Election Day: What Are the Candidates Plans for Healthcare?
Today, America's 18-month election process (it seemed like an eternity) will be behind us at long last. However, before we wave goodbye to the 2016 election which often resembled a roller-coaster ride, it is important to take a look at the plans both candidates have in regard to the future of healthcare.
While this year healthcare has not been on the forefront that it has been in the previous two elections, it has come into focus lately with the news of increased premiums on plans purchased through the exchanges. Since then, both major party candidates have revealed more of their vision for America's healthcare system, which will be examined below.
Hillary Clinton's plan for healthcare, in essence is the less drastic of the two major party candidates. Her plan would keep the ACA intact. A large portion of her healthcare plan would be to reduce prescription drug costs by "demand[ing] a stop to excessive profiteering and marketing by denying tax breaks for direct-to-consumer advertising and demanding that drug companies invest in R&D in exchange for taxpayer support."
Mrs. Clinton will also work to further expand Medicaid by "incentivizing states to expand Medicaid and make enrollment through Medicaid and the Affordable Care Act easier." Finally, she will work to expand the availability of healthcare services by doubling the funding available for primary-care services at community health centers over the next decade, tripling of the size of the National Health Service Corps and providing telehealth reimbursement under Medicare.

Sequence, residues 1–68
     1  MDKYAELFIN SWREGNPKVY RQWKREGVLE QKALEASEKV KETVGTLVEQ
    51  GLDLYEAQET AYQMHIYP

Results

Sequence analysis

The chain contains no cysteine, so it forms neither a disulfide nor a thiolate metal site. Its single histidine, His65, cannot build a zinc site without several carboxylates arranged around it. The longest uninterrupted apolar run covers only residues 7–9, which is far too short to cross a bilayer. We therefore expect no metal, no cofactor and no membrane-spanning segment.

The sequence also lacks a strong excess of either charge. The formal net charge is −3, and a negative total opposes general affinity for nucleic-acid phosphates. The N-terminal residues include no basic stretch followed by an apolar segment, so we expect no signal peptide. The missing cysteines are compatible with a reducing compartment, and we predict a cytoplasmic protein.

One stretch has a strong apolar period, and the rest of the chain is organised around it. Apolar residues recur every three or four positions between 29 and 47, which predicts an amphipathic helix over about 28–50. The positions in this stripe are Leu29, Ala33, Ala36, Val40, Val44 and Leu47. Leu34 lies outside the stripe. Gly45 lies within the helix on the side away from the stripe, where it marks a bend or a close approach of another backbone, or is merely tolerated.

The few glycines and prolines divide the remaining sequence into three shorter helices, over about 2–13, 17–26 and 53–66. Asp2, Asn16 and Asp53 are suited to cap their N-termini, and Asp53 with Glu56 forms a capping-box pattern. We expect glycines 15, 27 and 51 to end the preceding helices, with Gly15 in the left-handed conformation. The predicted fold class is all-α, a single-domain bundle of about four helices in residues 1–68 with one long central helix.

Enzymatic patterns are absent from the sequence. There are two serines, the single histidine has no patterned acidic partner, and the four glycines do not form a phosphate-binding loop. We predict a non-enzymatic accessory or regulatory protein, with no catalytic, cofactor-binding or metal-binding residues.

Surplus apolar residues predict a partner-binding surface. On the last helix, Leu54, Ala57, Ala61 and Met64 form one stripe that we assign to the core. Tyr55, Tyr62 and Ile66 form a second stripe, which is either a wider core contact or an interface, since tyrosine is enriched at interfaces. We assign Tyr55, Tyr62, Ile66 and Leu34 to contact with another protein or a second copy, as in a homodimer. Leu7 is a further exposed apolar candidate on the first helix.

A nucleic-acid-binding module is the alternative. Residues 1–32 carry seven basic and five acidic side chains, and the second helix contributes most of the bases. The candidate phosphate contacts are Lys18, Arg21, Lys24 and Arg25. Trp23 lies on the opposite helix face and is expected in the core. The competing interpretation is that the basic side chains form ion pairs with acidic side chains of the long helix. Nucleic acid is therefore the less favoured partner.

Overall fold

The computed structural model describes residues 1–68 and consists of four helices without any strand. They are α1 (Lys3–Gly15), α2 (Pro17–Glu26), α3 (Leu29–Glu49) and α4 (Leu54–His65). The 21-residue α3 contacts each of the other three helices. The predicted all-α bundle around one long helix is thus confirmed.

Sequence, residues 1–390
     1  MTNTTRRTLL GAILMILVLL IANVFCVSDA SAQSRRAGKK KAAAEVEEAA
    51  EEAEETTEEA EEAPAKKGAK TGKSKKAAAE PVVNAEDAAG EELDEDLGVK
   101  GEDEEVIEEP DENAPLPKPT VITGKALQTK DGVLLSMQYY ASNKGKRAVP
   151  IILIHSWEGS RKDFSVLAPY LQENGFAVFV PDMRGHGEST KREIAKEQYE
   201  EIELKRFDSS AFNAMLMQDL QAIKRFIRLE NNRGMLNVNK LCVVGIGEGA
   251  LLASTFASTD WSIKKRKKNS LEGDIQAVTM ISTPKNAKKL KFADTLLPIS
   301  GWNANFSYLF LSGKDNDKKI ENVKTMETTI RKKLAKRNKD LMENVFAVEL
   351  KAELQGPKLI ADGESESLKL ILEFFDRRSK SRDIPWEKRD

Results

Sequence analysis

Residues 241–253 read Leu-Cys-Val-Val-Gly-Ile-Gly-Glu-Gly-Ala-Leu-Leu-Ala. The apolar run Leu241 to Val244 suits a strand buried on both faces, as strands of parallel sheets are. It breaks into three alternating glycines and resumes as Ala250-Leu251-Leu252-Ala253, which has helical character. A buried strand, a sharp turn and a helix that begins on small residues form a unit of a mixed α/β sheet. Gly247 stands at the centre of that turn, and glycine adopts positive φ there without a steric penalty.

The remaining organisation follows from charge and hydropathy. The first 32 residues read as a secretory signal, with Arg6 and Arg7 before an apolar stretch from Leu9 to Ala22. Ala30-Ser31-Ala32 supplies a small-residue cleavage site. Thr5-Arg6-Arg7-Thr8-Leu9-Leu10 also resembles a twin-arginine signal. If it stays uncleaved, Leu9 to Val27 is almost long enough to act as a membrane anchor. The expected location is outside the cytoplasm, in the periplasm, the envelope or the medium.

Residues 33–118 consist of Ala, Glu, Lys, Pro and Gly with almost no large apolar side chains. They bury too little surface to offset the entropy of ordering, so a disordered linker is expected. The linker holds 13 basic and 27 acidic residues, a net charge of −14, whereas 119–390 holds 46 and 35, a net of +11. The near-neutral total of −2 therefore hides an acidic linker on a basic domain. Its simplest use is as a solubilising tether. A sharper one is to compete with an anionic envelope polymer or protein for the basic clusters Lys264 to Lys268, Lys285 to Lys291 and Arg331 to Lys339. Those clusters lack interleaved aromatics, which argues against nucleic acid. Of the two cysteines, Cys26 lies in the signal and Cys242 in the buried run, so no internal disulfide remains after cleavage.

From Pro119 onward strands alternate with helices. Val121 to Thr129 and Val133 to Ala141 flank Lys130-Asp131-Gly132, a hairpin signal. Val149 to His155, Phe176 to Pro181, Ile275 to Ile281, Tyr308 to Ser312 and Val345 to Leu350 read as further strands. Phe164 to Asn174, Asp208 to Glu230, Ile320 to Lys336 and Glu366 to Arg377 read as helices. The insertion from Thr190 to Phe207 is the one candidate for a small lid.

Donald Trump's healthcare plans are comparatively a little more extreme than his opponent's. He would start by repealing the ACA on "day one" as well as the individual mandate. The ACA has been a major source of contention on the right of the political spectrum, and repeal was also a campaign promise of Mitt Romney in 2012. A large portion of Mr. Trump's plans involve instituting changes to the system in a way he believes would lower the costs of providing care and insurance.
This includes adjusting laws that "inhibit the sale of health insurance across state lines," increasing price transparency among healthcare providers, and "consumers access to imported, safe and dependable drugs from overseas" to increase competition. An intriguing part of the Trump plan is to expand the use of health savings accounts (HSAs).
His plan would make HSAs tax-free, and allow the contributions to accumulate and be inherited through an estate without a penalty, and usable by any member of the family. The goal is to be "attractive to young people who are healthy and can afford high-deductible insurance plans," which some employers have switched to as a result of the ACA. You can see the differing views between the two candidates on the future of the American healthcare system, which ultimately illuminate the overall plans they have for the nation.
Hillary Clinton wants to add regulations to get the companies to do the "right thing", and Donald Trump believes that introducing a more free-market competition system will be sufficient to make the necessary changes.Regardless of which party or candidate you choose, it is essential that we take the time to vote today! Click here to find your polling station.